August 05- Today in History

Today in History August 5
1391 Castilian sailors in Barcelona, Spain set fire to a Jewish ghetto, killing 100 people and setting off four days of violence against Jews.
1763 Colonel Henry Bouquet decisively defeats the Indians at the Battle of Bushy Run in Pennsylvania during Pontiac’s rebellion.
1762 Russia, Prussia and Austria sign a treaty agreeing on the partition of Poland.
1815 A peace treaty with Tripoli–which follows treaties with Algeria and Tunis–brings an end to the Barbary Wars.
1858 The first transatlantic cable is completed.
1861 Congress adopts the nation’s first income tax to finance the Civil War.
1864 The Union Navy captures Mobile Bay in Alabama.
1892 Harriet Tubman receives a pension from Congress for her work as a nurse, spy and scout during the Civil War.
1914 The British Expeditionary Force mobilizes for World War I.
1914 The first electric traffic signal lights are installed in Cleveland, Ohio.
1915 The Austro-German Army takes Warsaw, in present-day Poland, on the Eastern Front.
1916 The British navy defeats the Ottomans at the naval battle off Port Said, Egypt.
1921 Mustafa Kemal is appointed virtual ruler of the Ottoman Empire.
1941 The German army completes taking 410,000 Russian prisoners in the Uman and Smolensk pockets in the Soviet Union.
1951 The United Nations Command suspends armistice talks with the North Koreans when armed troops are spotted in neutral areas.
1962 Actress Marilyn Monroe dies under mysterious circumstances.
1964 President Lyndon Johnson begins bombing North Vietnam in retaliation for the Gulf of Tonkin incident and asks Congress to go to war against North Vietnam.
1974 President Richard Nixon admits he ordered a cover-up for political as well as national security reasons.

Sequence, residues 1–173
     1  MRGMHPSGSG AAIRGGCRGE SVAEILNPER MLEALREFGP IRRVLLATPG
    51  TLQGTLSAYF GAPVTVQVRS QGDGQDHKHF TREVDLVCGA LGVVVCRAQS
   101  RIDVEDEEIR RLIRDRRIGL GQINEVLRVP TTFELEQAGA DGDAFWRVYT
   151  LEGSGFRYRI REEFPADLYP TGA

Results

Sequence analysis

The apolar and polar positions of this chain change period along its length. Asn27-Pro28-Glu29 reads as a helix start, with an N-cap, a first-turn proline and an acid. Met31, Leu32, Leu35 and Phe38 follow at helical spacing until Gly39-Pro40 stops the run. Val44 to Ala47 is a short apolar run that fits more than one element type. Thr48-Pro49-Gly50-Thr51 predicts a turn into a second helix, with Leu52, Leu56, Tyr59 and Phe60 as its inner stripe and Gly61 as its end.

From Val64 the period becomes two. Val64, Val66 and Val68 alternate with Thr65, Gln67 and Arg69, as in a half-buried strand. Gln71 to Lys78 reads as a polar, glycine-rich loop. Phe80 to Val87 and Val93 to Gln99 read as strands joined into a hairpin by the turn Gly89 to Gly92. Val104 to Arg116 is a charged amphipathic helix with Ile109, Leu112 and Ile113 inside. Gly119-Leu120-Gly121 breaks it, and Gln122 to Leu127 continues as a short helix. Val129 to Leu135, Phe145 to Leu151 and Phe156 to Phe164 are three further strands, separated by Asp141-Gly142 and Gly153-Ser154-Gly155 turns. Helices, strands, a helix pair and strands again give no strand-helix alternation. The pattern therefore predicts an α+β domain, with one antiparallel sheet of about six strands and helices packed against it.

1981 President Ronald Reagan fires 11,500 striking air traffic controllers.
1992 Four police officers are indicted on civil rights charges in the beating of Rodney King.
1995 Croatian forces capture the city of Knin, a Serb stronghold, during Operation Storm.
1997 The mastermind of the 1993 World Trade Center bombing, Ramzi Yousef, goes on trial.
2012 A gunman in Oak Creek, Wisconsin, opens fire in a Sikh temple, killing six before committing suicide.
Born on August 5
1850 Guy de Maupassant, short story writer and author of “The Necklace.”
1876 Mary Ritter Beard, American historian and writer.
1906 John Houston, film director of such movies as The Treasure of the Sierra Madre and The Maltese Falcon.
1908 Miriam Rothschild, English scientist and writer.
1923 Richard G. Kleindienst, one of the key officials who helped elect Richard Nixon to the presidency in 1969.
1930 Neil Armstrong, the first man to walk on the moon.
1975 Ami Foster, television actress (Punky Brewster); nominated eight times for Young Actress Award.

An IT employee

  • An IT employee

– eats more cakes in a year than a christian🤣

– owns a set of tupperware bottles (1 red, 1 green, 1 voilet and 1 yellow to be precise)😅

– may miss important deadlines but not the essential snacks break🙊

– even celebrates birthdays of his managers

– gets happier on receiving ‘party money’ from onsite than his monthly salary😝

– eats shitty food at parties which costs 800-900 rs just to have good pics in a posh ambience

– eats dal bhaat after reaching home from such parties🤣

– knows more about recent flipkart offers than his own project

– is a master of availing cashback, discount and freebie offers

– ends up helping the customer care employee to whom he/she has called for help